After Didi, China Targets Other Companies Over Data Security Risks
A day after China’s cyberspace watchdog slammed the brakes on the country’s leading ride-hailing platform Didi Chuxing’s attempts to make it big on Wall Street, three other internet companies are now also under a cybersecurity review over allegedly similar data security risks.
The Cyberspace Administration of China (CAC) on Monday said it has ordered a probe on one of the country’s largest online recruiting sites, Zhipin.com, along with truck logistics platforms Huochebang and Yunmanman. All three platforms are either a subsidiary or owned by companies listed on U.S. stock exchanges.
CAC said all three platforms have been ordered to stop new user registration while they undergo review “to prevent national data security risks, maintain national security, and protect the public interest.”
The announcement came a day after China pulled Didi Chuxing from the country’s app stores over similar concerns. The cyberspace watchdog said Sunday that Didi has been illegally collecting user data, though it didn’t elaborate on the violation.
The platform’s removal from app stores came only four days after Beijing-headquartered Didi debuted on the New York Stock Exchange in a $4.4 billion initial public offering as Didi Global Inc. Though it’s not immediately clear how the company’s shares will perform when the markets in New York open Monday, a CAC announcement over the probe was enough to see them fall by more than 10% on Friday.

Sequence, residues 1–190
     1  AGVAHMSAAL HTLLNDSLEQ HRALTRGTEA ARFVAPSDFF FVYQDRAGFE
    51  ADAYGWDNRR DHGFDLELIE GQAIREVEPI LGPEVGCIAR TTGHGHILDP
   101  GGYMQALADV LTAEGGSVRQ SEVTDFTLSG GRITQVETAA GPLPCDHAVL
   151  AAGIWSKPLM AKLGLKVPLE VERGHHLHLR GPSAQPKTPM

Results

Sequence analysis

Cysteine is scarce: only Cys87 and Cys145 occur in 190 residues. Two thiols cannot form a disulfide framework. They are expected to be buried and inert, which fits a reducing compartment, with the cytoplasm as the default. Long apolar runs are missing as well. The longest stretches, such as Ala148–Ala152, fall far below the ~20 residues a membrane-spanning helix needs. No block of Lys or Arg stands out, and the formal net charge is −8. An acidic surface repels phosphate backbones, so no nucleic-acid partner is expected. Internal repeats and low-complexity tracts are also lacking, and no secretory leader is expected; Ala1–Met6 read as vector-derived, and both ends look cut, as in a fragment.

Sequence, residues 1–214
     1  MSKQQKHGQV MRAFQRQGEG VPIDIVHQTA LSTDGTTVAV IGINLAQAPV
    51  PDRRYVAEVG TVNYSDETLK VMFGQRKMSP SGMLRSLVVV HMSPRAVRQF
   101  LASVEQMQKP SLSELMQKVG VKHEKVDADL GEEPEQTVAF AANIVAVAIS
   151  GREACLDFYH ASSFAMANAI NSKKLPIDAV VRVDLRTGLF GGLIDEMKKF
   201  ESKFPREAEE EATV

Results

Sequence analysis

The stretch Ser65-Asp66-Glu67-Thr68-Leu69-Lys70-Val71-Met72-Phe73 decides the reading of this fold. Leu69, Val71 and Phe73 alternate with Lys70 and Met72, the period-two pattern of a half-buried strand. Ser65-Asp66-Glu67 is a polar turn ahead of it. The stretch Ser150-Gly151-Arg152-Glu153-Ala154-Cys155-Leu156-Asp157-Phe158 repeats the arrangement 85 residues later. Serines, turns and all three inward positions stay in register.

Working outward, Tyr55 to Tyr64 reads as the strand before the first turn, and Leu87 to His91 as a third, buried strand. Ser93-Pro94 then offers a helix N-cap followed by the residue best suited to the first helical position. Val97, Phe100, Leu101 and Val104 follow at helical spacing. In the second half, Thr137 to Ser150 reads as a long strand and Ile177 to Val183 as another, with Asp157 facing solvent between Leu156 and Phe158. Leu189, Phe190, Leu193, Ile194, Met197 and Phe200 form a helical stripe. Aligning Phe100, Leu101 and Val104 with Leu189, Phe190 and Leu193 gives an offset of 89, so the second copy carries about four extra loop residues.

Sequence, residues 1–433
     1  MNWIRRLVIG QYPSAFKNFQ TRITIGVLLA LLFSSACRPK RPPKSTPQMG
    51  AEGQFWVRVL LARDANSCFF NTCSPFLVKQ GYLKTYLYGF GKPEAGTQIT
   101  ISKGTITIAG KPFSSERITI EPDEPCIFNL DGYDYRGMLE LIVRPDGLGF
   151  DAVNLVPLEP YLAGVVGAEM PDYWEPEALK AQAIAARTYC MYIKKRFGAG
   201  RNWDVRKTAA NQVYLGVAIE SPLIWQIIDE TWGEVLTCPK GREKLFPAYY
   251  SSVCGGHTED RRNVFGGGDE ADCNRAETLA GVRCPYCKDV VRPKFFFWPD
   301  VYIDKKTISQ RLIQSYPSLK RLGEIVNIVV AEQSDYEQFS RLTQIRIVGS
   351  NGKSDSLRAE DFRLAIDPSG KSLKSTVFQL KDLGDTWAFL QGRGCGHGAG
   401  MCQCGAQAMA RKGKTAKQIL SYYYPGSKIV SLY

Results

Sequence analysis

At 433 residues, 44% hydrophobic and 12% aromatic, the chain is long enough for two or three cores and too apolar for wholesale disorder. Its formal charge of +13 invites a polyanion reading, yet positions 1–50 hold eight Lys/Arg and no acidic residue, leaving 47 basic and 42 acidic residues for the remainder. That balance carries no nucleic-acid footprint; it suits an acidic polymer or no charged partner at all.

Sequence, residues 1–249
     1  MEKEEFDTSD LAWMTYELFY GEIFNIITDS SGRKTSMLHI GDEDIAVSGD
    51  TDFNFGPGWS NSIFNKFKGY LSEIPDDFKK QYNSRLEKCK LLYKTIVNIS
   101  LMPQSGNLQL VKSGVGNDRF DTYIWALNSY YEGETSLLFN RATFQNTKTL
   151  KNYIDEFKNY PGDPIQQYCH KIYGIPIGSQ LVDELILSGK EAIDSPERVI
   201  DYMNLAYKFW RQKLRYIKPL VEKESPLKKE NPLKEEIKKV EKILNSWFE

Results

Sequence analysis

After the CAC announced the probe, Didi’s vice-president Li Min said the company will “resolutely” file lawsuits against those who claimed on social media that the company had sold user data in exchange for trading at the New York Stock Exchange. Li added that all the company’s local data is stored in China, as is required by law.
In a statement Sunday, Didi said the company has stopped new user registration and will “rectify” any issues dictated by the official review. It also added that the ongoing probe will not affect existing drivers and users on its platform.
“We sincerely thank the governing authorities for guiding Didi’s troubleshooting efforts,” the company wrote on microblogging platform Weibo.
Full Truck Alliance Co. Ltd., the company that owns the two truck logistics platforms, as well as Zhipin.com, have also said they would cooperate with the government probe and make changes accordingly, domestic media reported.
Chinese authorities have opened a slew of antitrust investigations in recent months. In April, Didi was among the 34 other companies — including tech giants Tencent and ByteDance, as well as microblogging site Weibo — were told to correct their anti-competitive practices.
Editor: Bibek Bhandari.
(Header image: A driver opens the Didi Chuxing ride-hailing app on his smartphone in Beijing on July 2, 2021. People Visual)